Family death inspires non-profit Organization

After watching her grandmother die, a fourth-year social work student from Miami, Janay White, helped formed a 501(c)3 non-profit organization with her aunt, Sereda White. 

“We just knew at that point my granny would have, if it was anyone else in the family, definitely been an advocate for pancreatic cancer,” Janay said. 
Barbara White, who was diagnosed in early May of 2007 and died June 26, 2007. Janay and her aunt established The Barbara White Foundation, Inc. on September 10, 2007. It received its non-profit status in June 2009. 
 “I was staying with her…and was actually caregiver when it happened,” Janay said. “After she died, we took a vacation. We kind of just stayed to ourselves to reflect on what happened, because she died in the house.”
Janay said she was surprised at how quickly her grandmother died after she was diagnosed. Her sudden death took the family by surprise.
 “It happens so fast,” Janay said. “It was a shock to us we never heard of pancreatic cancer before until she was diagnosed with it; we just saw her deteriorating in front of us.”
Janay’s aunt, Sereda, is an alumna of FAMU class of 1985 and a clinical staff pharmacist at Jackson Memorial Hospital in Miami. 
Sereda, after the death of her mother, wanted to find more funding for research and effective early detection screenings and treatments for pancreatic cancer.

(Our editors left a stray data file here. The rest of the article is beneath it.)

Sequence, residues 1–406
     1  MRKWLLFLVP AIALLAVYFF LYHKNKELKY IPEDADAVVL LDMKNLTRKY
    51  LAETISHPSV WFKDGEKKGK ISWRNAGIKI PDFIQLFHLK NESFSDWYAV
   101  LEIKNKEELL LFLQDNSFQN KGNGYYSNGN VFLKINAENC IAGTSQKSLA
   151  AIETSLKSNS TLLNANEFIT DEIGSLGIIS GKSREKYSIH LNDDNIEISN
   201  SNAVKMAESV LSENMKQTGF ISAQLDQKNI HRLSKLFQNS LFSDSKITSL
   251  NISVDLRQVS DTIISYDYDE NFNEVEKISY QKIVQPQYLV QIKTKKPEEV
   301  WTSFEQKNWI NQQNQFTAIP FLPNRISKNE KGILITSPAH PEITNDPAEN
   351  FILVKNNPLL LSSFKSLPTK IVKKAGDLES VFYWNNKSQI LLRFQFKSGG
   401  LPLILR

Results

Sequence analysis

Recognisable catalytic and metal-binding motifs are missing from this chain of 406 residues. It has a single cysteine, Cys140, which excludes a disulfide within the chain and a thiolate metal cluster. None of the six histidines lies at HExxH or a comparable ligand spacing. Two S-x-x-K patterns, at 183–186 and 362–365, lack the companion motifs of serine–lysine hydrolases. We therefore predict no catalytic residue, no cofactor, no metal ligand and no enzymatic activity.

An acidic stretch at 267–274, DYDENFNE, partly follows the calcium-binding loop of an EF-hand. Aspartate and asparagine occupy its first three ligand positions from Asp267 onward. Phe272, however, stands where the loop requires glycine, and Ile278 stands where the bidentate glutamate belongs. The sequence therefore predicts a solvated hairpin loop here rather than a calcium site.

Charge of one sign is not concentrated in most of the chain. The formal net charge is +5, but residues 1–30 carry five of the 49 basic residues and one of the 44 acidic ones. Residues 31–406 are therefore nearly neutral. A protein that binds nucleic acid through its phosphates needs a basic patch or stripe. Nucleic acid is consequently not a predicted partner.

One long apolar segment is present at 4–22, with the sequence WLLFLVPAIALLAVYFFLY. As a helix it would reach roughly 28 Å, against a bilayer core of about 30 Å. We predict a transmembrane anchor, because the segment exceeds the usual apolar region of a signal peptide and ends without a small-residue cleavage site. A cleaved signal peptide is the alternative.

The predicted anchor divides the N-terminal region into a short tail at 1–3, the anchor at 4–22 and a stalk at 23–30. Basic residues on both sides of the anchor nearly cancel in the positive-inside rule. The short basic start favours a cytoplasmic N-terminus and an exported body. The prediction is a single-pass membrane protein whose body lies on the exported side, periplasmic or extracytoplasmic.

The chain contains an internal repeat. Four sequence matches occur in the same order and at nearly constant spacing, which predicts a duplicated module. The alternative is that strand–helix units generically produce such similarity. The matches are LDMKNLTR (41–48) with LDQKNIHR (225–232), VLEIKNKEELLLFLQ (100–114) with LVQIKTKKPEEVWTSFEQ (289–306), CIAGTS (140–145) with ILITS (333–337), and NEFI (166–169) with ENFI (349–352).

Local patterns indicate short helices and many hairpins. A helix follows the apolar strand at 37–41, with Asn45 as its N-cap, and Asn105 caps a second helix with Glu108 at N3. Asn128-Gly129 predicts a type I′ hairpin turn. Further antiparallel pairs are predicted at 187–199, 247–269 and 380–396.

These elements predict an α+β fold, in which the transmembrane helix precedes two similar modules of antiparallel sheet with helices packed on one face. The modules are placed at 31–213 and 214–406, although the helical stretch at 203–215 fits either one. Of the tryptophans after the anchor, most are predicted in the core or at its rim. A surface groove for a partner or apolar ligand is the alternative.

“When I was looking for information when my mother was diagnosed, I couldn’t find very much,” Sereda said. “I found one organization, another non-profit by the name of Pancan– Pancreatic Cancer Action Network– and that was the only resource that I was able to find as far as getting information.”
Janay and her aunt became president and vice-president of the organization, instilling the motto: Making known, the lesser known, Pancreatic Cancer.
Jan. 15, the foundation’s first fundraising event was held at the Latitude 30 entertainment center in Jacksonville. The event was held in memory of Kathleen Robertson, who was the fourth sister in a group of seven sisters, to die of pancreatic cancer. The other three sisters were Lillian Beatty, Barbara White and Mildred Williams. 
Annette Turner is the youngest of the seven sisters and a parent coordinator at primary schools in Adel, Ga. She also helped host the event by registering people, selling the foundation’s t-shirts and with soliciting donations.
As a little girl, Turner used to spend her summer vacations with Barbara in Miami.
“As a sister, that’s who I would talk to,” Turner said. “It was rough. It’s only three of us girls left now.” 
With many sponsors, including the Motor Harley-Davidson Company and a Volvo car dealership, the event gathered roughly 50 registered supporters who bowled, gave donations and purchased a t-shirt with the foundation’s logo. 
White and her aunt cited in a brochure the passed out at the event. The statistic reported that “only one and a half percent of the National Cancer Institute’s $4.8 billion budget is spent on finding pancreatic cancer causes, diagnoses and treatment.”  
White and her aunt want a purple ribbon to be the symbol for pancreatic cancer, and it to be as recognizable as the pink breast cancer ribbon. 
“Expressing the need for early detection of pancreatic cancer is our goal,” Turner said.
The family’s next initiative is to hold more events throughout Florida. 
Janay promotes the foundation on her Facebook page. Her goal is to gather a large enough student following to help her host a candlelight vigil or a walk to promote awareness of pancreatic cancer at FAMU.

“This cause is very dear to me,” Janay said. “I’m just asking for support.”